THE YOUNG AND AMBITIOUS HAVE TO KNOW THIS!

Jenna Lyons, the executive creative director at J.Crew in her recent interview to Glamour magazine, gave some really good advice for those who aspire to work in the industry.
As the executive creative director at J.Crew, one of America’s favorite retail clothing and accessories brand ; Jenna started with humble beginnings as just a secretary working her way up from her desk at the hallway to calling the shots and being a favorite of the First Lady Michelle Obama. With her 25-years career experience we have highlighted some really cool and inspiring quotes from her candid interview with Glamour.

“The thing I think is most important for young people to know is that today there’s this idea of having everything quickly, that you’re going to walk in the door, be a designer, and not have to do any of the grunt work. It’s just not realistic. The things you don’t learn in school are the skills you probably need more: what it’s like to work with other people, how you build a team and collaborate.”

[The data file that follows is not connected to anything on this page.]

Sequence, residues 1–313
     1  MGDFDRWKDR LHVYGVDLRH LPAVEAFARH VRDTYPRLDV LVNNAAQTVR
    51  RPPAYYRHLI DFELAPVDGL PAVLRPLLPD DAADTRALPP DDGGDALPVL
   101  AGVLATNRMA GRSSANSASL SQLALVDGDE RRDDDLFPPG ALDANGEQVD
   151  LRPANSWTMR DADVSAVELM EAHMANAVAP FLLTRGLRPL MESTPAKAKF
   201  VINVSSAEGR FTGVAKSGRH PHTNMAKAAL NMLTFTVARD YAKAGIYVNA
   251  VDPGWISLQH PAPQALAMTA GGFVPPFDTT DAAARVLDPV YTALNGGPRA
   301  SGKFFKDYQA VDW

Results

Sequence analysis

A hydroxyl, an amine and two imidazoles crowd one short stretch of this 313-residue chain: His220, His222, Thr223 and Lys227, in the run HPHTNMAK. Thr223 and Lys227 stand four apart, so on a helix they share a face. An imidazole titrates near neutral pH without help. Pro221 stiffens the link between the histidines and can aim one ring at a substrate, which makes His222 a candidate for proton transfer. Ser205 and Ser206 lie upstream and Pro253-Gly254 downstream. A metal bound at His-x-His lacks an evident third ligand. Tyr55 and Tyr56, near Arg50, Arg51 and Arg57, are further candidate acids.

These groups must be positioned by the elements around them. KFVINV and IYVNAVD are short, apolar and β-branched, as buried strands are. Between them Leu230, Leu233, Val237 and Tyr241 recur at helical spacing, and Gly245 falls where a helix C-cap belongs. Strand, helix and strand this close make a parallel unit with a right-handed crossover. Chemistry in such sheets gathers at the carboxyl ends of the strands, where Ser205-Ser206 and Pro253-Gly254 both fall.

“I remember this woman wrote me a letter and said she had to give a speech and was incredibly nervous. She had gone into J.Crew and got something to wear, and people said, “You look great!” She said, “I’m a scientist, I’ve never had anybody compliment me on my clothing before.”… I do think sometimes people assume that what you wear isn’t important, but I know it can make someone who needs a little boost feel beautiful.”

“if you look at business…the mistakes often end up being the best things that could have happened. The only sad part about down business is if you don’t learn from it, you know? Get in there and be humble. If you’ve had a great run, now’s the time to sit back and put down your feathers.”

“The person who makes herself indispensable, that’s the person you want to promote. But when someone comes in and starts asking—it’s such a disease. Demanding, “I’ve done all this and I want X,” doesn’t work for me so much. [Instead] ask questions: “I’m ready to take it to the next step. What is it that I can do better?” That, to me, is an engaged, collaborative way to get somebody to the next level. You’re not going to get there just because you think you’re ready or because someone else got promoted. We don’t sit here and create a scale where we carefully ratchet everyone up evenly. Because if that were the case, we’d all be drones. No one is a drone…. You are you.”

 

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